Late last week, Nebraska governor Pete Ricketts vetoed a bill that would have automatically re-enfranchised all felons once their sentence has been served, eliminating the two-year waiting period currently in place. Kudos to Governor Ricketts, and here’s hoping that state legislators resist attempts to get them to override that veto. After all, if you’re not willing to follow the law yourself, it can’t be presumed that you should have a role in making the law for everyone else.
Governor Ricketts pointed out that there are problems under the state constitution with the bill, but much of the discussion also hinged on claims that automatic re-enfranchisement somehow combats recidivism. The governor is right that such claims have no empirical basis, and indeed he is also right that automatic re-enfranchisement removes an incentive for the felon to turn over a new leaf once he gets out of prison. Alas, most felons will return to prison, so the change of heart cannot be presumed, and removing an incentive makes no sense. Hans von Spakovsky and I discussed all this in a Heritage Foundation paper.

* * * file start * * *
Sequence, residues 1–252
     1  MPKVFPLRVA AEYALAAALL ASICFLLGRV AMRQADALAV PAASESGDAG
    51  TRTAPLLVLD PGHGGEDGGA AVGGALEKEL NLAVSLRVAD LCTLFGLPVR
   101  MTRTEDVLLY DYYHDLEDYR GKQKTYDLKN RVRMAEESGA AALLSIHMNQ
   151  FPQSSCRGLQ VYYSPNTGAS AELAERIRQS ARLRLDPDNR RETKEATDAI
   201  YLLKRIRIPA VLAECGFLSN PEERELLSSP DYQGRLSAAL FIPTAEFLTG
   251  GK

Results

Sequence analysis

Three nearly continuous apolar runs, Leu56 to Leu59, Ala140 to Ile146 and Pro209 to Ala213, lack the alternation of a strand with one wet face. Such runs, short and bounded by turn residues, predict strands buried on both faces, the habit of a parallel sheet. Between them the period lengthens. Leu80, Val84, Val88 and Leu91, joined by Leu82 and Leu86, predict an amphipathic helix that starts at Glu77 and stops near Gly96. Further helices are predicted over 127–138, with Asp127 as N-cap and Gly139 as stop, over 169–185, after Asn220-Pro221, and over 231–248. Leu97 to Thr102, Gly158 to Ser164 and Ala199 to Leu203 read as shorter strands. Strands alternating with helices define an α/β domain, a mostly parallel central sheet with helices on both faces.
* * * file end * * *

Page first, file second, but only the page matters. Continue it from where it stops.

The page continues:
Reintegration of felons into the community is an important goal, restoration of voting rights can be a part of that process, and it is also important not to suggest to felons that it is hopeless for them to want to rejoin the larger community.
But the existing two-year period provides a way to show that, indeed, a new leaf has been turned over. When that has been shown, then holding a ceremony — rather like a naturalization ceremony — in which the felon’s voting rights are fully restored would be moving and meaningful. Friends and family can come, a congratulatory speech can be given by a local official, and an important civic point can be made. Automatic restoration, on the other hand, foregoes all that.
And automatic felon re-enfranchisement sends an affirmatively bad message: It says that Americans do not consider criminal behavior so serious that the right to vote should be denied because of it. Not allowing criminals to vote tells them and everyone else that committing a serious crime puts them outside the circle of responsible citizens. Being readmitted to the circle should not be automatic. Going two years without committing a new crime — just one election cycle — is not too much to ask.